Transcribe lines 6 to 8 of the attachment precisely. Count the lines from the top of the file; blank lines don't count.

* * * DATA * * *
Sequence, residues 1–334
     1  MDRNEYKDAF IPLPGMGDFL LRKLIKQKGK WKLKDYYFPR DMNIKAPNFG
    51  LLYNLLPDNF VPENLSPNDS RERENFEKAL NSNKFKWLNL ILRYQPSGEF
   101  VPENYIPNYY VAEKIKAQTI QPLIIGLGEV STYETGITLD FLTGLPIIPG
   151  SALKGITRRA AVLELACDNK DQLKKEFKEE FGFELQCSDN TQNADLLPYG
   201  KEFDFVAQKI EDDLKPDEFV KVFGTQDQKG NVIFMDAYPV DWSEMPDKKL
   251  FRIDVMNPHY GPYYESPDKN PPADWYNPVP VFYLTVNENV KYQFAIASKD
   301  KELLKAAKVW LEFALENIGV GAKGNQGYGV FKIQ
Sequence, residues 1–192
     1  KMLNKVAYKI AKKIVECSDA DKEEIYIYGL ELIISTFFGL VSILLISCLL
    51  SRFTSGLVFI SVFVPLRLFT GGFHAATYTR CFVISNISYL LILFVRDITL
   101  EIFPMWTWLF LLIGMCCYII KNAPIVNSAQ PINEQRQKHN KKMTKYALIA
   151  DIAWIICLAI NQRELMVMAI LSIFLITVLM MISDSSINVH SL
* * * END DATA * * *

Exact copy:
   201  KEFDFVAQKI EDDLKPDEFV KVFGTQDQKG NVIFMDAYPV DWSEMPDKKL
   251  FRIDVMNPHY GPYYESPDKN PPADWYNPVP VFYLTVNENV KYQFAIASKD
   301  KELLKAAKVW LEFALENIGV GAKGNQGYGV FKIQ